Inventory – A Family Portrait of Derry’s Troubled Past By Darran Anderson, Vintage, £8.99, 320pp
My review in The Irish Examiner, 3 October, 2020
THERE have been many excellent memoirs written from the northern nationalist perspective. Among the best are Bernadette Devlin McAliskey’s The Price Of My Soul, Dennis Donoghue’s Warrenpoint, Seamus Deane’s Reading in the Dark, and Tony Doherty’s tender and moving This Man’s Wee Boy.
What historians – with their attention to the ‘big picture’, their fixation with dates, statistics, conferences, legislation and (usually) ‘great’ men at war – rarely capture is the psyche of ordinary people, the raw communal experience and reaction to critical events (which also drives and determines history), the multi-layered humanity of a community, which the memoir can crucially make up for.
Colin Broderick’s astonishment and sense of abandonment (That’s That, 2013) discovering on a London building-site in the late1980s that many of his fellow labourers, hailing from Cork and Kerry, couldn’t give a damn about the punishment his people in Tyrone were going through at the hands of the British army, was an emotional reaction to an attitude coldly fostered by the Irish establishment. For almost a century, Fine Gael and Fianna Fáil and earlier incarnations, and for two decades RTE’s Section 31’s censorship, politically and deliberately distanced the state and the people from the northern nationalist community, a community sacrificed to partition so that Twenty-Six Counties could be free.
One of the greatest and ongoing insults is to have politicians and commentators consciously refer to the Republic of Ireland (which stops at the border) as ‘Ireland’, perpetuating the very partition (and mindset) they sometimes claim to decry.
Inventory by Darran Anderson, as well as being a coming-of-age memoir set in Derry, opening in 1984, is a study of innocence and guilt, culture and history, war and peace, hearth and home versus his personal odyssey (into the underworld and the horrors and false solace of those two crooks, alcohol and drugs), and ultimately finding liberation and redemption through self-exile and the expressive power of the written word.
He is a fine, accomplished writer.
His mother was pregnant with him when she and his father were living in Cork but returned to Derry to get married, her father disapproving of the union and ostracising her. Life was poor, the streets were tough, and young Darran was an inquisitive child, a habitual reader who later described this compulsion as ‘a dangerous curiosity’, earning him the sobriquet from his mother, ‘Professor Anderson’.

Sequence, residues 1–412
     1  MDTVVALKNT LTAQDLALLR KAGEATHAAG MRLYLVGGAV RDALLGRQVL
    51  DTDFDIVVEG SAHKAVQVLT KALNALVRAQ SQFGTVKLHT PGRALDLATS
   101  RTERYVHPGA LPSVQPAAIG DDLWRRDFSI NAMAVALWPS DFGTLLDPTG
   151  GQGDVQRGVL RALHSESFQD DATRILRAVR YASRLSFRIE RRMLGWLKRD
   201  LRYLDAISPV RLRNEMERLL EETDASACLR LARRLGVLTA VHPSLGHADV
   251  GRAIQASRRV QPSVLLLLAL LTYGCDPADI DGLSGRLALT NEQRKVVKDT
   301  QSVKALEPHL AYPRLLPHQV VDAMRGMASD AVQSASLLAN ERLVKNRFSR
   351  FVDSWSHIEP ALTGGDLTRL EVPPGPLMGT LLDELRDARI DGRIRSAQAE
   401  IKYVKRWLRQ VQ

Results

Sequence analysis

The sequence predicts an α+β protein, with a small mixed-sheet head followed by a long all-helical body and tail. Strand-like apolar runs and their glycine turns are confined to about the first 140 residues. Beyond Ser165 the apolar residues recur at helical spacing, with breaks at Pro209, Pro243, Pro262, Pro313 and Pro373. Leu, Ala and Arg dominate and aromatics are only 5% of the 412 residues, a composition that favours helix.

Beyond the door were patrolling British soldiers and the family would secretly tune into their radio frequencies to plot the movement of raiding parties. Anderson was young enough to escape the pull of the IRA (on the eve of cease firing) but observes: “People didn’t need to choose to become explicitly involved. They already were, by geography, class and genealogy.”
As an urchin, a juvenile adventurer, an underage drinker, he was continually inhabiting ‘a place between fiction and reality’.
These were the days of video shops, BMX bikes, early home computers, hiding in ‘the Glen’ and observing an army patrol through his little periscope, aware that he could be shot dead if he gave himself away. Death was prevalent. His young cousin Rory is knocked down and killed by a van. An older cousin hangs himself in a barn.
Given the generational poverty and the lack of opportunity it should come as no surprise to discover that Darran’s paternal grandfather (like thousands of others across Ireland, my own included) joined British forces during WWII. However, he was a serial army deserter, and drinker, and drowned in the River Foyle at the age of thirty nine, where into the dark, cold waters twenty years later his wife, Granny Needles, followed him. The teenage son of another cousin also drowned himself – the search for his remains becoming an introspective search for meaning from the anarchy of life.
The most powerful chapter is called Inventory and consists of a random list of the dead of the conflict and their dying.
Against a background of such morbidity it is miraculous that a cosmopolitan writer as bright and optimistic as Anderson emerged. His eureka moment comes after a bloody street fight, drunk in Belfast’s student land, having dropped out of university, and sitting perilously on a roof looking towards the Central Library from which he is barred.
He turns to his friend Liam and says, “I’ll write about this one day.”
And he does! Awesomely.